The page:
Q: Who can snowshoe?
A: Anyone. Snowshoeing can be as easy as walking and fun for all ages
and fitness levels. Snowshoeing gives you a great low-impact, heart-healthy
workout that can also be used for rehabilitation and cross-training.
Q: How durable are snowshoes?
A: If used properly, modern snowshoes should last through many
seasons of snowshoe adventures. Wooden frame and laced style snowshoes do
require more care to assure long service. A simple cleaning after each use
will help extend the life of all styles of snowshoes!
Q: What type of footwear do I need?
A: Warm, waterproof and supportive hiking boots are best. Most modern
snowshoes fit a variety of boot styles and sizes including soft pack,
hiking, and winter boots. It is a good idea to test the fit of your boots with your
snowshoe bindings before renting, buying or fabricating your snowshoes!
Q: Do I need Snowshoe Poles?
A: While snowshoeing does not require poles, using them offers
improved stability on steep and variable terrain and helps incorporate
the upper body for a total body workout. Adjustable lenght poles are more
expensive and in general cannot be homemade but can be the most help when
snowshoeing around a slope. Lengthen the downslope pole and shorten the upslope
one to get the most natural stride!
Q: How easy are the bindings?
A: The bindings on all snowshoes are intended to fit simply, but some
styles are more simple than others! The easiest (and most expensive!) are the
snowboard style ratchet bindings. The most common are straps with quick release
or slide buckles. Homemade shoes may even use ropes, relying on your knot tying
skills to fasten the bindings securely. Regardless of the binding style, all
bindings must be properly adjusted to ensure a secure fit. Always begin by placing
the snowshoes on flat ground. Verify that you've got the left shoe matched to your
left foot (modern snowshoes are not symetrical!). Loosen all straps and laces and
place the ball of your foot over the rotation strap/bar of the snowshoe. Center
your heel over the snowshoe. Next snug the heel strap around the back of your boot.
Next, pull up on the straps or laces to take out any slack. Tighten the straps or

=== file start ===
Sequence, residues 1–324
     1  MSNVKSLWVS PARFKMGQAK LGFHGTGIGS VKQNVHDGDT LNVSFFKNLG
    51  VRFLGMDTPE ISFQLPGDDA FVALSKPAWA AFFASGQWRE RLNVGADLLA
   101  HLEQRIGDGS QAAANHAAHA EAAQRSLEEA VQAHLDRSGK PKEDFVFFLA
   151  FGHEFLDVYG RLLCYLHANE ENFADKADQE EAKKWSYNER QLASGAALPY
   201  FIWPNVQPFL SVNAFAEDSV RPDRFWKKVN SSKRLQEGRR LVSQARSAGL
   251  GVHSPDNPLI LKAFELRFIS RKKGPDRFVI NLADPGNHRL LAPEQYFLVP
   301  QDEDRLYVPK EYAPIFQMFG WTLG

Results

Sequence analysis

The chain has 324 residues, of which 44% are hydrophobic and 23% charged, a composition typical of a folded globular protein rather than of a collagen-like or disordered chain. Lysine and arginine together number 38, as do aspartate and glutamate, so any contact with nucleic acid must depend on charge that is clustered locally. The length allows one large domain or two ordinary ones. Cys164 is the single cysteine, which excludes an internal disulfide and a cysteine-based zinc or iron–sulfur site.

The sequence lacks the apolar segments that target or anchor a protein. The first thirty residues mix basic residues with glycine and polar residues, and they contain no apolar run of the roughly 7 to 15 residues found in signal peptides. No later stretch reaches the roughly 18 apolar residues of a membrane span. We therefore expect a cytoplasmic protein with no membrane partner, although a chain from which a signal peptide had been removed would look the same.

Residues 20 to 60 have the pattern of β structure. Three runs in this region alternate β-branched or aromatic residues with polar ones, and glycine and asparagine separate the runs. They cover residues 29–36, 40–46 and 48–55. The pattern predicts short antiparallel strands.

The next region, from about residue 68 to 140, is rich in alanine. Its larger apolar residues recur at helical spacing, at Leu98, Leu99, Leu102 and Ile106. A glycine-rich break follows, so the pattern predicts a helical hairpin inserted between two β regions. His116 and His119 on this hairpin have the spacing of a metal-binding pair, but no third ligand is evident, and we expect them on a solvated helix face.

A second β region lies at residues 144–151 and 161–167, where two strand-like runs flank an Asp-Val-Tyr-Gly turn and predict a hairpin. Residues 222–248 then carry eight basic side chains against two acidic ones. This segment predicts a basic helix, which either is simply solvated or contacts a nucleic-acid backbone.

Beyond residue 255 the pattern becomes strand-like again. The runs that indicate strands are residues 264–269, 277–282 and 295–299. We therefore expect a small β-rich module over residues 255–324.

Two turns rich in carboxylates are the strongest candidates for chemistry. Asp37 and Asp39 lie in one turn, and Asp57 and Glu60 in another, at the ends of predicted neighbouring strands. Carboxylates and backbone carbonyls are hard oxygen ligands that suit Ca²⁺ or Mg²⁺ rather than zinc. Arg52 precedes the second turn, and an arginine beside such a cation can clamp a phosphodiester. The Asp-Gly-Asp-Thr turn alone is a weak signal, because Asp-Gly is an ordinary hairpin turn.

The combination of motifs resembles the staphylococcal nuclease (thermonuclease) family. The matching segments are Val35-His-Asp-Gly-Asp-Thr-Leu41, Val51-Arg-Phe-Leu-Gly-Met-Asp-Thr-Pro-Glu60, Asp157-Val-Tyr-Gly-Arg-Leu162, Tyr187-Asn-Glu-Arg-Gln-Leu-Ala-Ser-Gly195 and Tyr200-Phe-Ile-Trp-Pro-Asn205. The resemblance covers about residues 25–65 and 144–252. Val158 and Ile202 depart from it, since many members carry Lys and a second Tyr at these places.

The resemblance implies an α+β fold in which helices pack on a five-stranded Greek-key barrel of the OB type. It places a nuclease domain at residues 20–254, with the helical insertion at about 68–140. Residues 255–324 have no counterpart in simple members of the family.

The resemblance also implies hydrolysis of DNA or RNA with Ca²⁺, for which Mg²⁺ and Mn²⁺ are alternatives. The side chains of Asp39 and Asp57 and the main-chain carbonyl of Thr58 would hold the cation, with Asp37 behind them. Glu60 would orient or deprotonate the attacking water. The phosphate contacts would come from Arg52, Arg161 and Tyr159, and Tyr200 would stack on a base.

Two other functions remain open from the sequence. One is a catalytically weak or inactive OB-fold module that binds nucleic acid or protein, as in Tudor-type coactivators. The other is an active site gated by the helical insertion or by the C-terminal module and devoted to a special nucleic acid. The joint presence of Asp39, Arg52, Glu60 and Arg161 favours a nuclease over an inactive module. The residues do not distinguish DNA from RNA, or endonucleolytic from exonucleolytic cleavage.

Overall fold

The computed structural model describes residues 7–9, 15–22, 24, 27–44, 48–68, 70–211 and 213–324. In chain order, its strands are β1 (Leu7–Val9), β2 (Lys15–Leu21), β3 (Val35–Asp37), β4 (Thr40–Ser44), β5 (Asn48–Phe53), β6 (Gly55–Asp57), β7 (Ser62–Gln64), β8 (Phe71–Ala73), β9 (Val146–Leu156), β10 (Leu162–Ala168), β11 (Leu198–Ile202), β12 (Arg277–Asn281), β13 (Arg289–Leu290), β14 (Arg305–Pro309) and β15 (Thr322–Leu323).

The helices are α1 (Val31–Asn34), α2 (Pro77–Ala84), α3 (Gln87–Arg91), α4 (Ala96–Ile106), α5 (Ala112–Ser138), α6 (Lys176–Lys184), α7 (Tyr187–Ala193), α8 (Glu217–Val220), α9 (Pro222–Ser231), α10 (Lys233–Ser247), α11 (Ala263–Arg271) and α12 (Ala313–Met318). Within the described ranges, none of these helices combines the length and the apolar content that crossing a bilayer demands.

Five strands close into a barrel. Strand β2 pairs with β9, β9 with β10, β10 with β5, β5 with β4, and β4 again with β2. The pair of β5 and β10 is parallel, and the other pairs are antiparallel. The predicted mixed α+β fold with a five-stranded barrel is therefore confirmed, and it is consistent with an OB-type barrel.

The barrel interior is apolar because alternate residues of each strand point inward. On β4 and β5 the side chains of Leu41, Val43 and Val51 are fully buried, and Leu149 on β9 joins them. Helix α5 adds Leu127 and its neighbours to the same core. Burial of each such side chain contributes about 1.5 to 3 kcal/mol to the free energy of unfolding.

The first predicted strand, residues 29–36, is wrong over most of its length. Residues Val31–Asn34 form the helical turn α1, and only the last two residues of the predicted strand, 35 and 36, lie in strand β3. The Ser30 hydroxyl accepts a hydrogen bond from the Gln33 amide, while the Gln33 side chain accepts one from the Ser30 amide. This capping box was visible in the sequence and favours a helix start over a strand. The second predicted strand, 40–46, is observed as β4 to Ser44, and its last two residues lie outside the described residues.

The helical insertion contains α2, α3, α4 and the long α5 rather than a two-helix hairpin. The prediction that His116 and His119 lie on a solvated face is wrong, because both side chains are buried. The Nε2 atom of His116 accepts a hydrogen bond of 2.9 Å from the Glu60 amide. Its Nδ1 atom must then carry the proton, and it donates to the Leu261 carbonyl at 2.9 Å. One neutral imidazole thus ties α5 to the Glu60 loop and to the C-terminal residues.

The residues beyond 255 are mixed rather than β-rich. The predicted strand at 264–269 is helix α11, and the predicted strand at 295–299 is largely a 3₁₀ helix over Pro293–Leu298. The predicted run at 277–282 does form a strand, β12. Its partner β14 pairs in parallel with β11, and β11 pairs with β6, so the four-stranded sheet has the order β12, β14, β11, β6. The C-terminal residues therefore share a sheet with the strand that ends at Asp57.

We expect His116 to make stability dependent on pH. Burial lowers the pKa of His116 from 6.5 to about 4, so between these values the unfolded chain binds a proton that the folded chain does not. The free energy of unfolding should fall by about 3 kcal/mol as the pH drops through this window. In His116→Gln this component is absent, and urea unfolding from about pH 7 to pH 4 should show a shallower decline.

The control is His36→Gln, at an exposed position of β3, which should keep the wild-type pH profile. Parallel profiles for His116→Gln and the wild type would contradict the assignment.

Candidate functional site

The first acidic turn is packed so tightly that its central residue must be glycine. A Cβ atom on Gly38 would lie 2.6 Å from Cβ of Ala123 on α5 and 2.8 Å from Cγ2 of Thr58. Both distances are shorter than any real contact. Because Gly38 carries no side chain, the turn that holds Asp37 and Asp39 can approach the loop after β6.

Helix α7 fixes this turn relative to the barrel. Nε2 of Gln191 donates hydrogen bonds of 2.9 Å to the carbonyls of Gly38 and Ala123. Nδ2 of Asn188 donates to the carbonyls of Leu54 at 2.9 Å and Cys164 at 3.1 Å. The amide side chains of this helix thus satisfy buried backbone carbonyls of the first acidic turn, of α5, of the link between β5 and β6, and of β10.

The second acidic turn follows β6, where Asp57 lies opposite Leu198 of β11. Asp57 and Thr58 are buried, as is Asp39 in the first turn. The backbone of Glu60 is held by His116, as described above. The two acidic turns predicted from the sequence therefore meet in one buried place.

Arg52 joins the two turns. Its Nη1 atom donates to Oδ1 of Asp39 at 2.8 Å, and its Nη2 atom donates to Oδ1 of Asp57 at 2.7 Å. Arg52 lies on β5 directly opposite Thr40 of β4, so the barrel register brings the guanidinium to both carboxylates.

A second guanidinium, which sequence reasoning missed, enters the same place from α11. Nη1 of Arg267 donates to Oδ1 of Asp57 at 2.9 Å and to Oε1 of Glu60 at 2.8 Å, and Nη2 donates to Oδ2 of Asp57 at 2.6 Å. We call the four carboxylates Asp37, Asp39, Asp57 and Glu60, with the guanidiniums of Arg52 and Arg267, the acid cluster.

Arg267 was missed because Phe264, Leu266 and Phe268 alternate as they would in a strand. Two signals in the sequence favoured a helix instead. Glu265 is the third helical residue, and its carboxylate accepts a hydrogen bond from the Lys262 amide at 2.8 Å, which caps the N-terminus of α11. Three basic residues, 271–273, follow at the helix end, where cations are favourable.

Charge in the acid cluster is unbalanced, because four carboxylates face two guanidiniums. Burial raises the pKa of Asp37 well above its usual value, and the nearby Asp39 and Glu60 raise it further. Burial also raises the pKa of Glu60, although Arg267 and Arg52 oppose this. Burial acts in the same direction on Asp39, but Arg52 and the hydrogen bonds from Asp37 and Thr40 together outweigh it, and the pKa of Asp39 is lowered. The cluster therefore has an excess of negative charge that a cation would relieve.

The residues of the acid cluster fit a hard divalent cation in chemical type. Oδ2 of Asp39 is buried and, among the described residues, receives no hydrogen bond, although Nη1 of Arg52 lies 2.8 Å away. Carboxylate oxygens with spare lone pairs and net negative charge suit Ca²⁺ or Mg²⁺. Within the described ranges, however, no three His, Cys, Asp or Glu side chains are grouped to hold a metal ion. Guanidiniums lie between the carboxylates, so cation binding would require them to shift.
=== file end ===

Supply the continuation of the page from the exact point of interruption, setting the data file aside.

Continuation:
laces at the buckles. Retighten the heel strap if needed and securely tuck away any
loose strap ends.
Q: Will I sink in the snow if I don't buy a large shoe with lots of
A: The amount of flotation you need depends on your total weight
(with gear) and snow conditions in the primary area of use. Certain snow
(e.g., powder) offers less density, requiring greater surface area for
increased flotation. Packed trails offer increased snow density decreasing
your need for flotation. It's important to remember that added flotation
usually equals a larger shoe, decreasing ease of maneuverability and increasing
overall shoe weight. Some snowshoe models now offer removeable 'tails' to
adjust the length of your shoe to snow and total weight conditions, though
these tend to be the more expensive models. (Check out our Snowshoe FACTs page for details.)
Q: How much snow do I need to go snowshoeing?
A: Snowshoeing in thin cover is not recommended as sharp rocks and
branches can damage your snowshoes, however you can
be sure that your snowshoes will be among your first pieces of winter
equipment out of the closet. From packed granular to deep powder, snowshoes
can take you outside with just 6"- 8" inches of snow.
Q: What are the fitness benefits of snowshoeing?
A: Snowshoeing is an excellent cross-training sport for athletes
of all levels. Low-impact and versatile, snowshoeing reduces the chance
of repetitive motion injury while it builds up endurance levels and strengthens
quadriceps, hip flexors and extensors. The use of poles can help incorporate
the upper body for a total body workout. Snowshoeing has been estimated
to use 45% more energy than walking. On a packed trail, approximately
450-550 calories are burned per hour, going uphill in unpacked snow conditions,
snowshoeing easily burns 1,000 calories per hour. (For more information,
visit the section on the Fitness
Benefits of showshoeing.)